4.10  Amateur baseball is usually seven (7) innings. In a tied game the rules are the same after seven innings as in a nine (9) inning game. A seven inning game is a regulation game after five (5) innings if the trailing team has batted five (5) times.

Tied games in the amateur ranks are subject to specific league rules. This also applies to non-complete games.

4.11  Read the rule. It is self-explanatory.

4.12  Read this rule also. Know it and understand it. Local leagues may have different rulings for suspended games as to whether they re-start from the beginning or resume at a later date.

 “Remember: Determining when it is too dark to continue is difficult. Always err on the side of SAFETY. If, as an umpire, you have a doubt as to when it will become too dark, call the game off at the beginning of an inning. Not in the middle of an inning. If you do continue and it becomes too dark, call it at your discretion anyway. You can do that at any time you see fit. It is solely the umpire’s call.

4.13  Doubleheaders – this gives a time interval of 20 minutes after the first game, not to exceed 30 minutes. We usually say 20 minutes because they ask us. However, tell them when they are ready within reason. We can start when the pitchers are warmed up properly.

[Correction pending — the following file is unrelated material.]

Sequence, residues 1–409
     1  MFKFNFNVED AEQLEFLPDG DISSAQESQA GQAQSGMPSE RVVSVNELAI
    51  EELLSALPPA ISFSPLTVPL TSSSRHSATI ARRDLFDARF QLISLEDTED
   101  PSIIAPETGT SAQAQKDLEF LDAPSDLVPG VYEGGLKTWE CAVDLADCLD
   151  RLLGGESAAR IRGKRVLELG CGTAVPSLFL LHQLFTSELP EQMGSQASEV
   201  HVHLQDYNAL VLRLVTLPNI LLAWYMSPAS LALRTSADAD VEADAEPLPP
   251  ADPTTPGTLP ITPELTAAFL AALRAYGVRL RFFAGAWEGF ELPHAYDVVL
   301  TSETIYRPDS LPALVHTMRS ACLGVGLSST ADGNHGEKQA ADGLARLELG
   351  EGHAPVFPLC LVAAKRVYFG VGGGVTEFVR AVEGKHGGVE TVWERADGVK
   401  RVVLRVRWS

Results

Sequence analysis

4.14  Usually in non-pro ball the home team turns the lights on at a certain time. If you believe it is getting too dark, request the lights be turned on anytime. However it is wise to have them turned on at the beginning of an inning. It is solely the umpire’s decision. USE WISDOM

4.15 This rule deals with forfeiting games. Forfeits do not happen very often but don’t be real strict with them in amateur ball. There may be circumstances that would allow you to extend the starting time and it would not be in the spirit of the game if you call it not knowing a complete team will be able to play within a reasonable period of time. Be flexible. However if both teams have nine players, the game should start on time.

For example: If the game is scheduled for 6 PM the first pitch should be thrown at 6 PM.

Some leagues have set a specific time that nine players must be ready to play before the game is forfeited. MLB rule book says five(5) minutes!

4.15(b) through (g)  Gives specific guidelines as to reasons for a forfeiture. Know them.


Read the following story, “Shippensburg Awarded the West Shore Crown, from the Harrisburg, PA newspaper  Patriot-News. It was about rule 4.15 in paragraph (b). Denny and I have umpired many times for these two teams

4.16 – 4.18  Gives examples of specific forfeitures. Learn them.

4.19  In accordance to the rule book protesting games must pertain to rules, not umpire judgments.

If a protest is initiated, the score books must be signed where and what time in the game the protest was made. The game continues to completion. The protesting team reports it to the league.

The umpire must announce the game is being played under protest. The protest must be before the next pitch or play continues. If the protest is being made on a game ending play, it must be filed before 12 noon the following day according to the MLB rule book. Local leagues may have other provisions for filing game ending protests.

Leave a Comment

Your email address will not be published. Required fields are marked *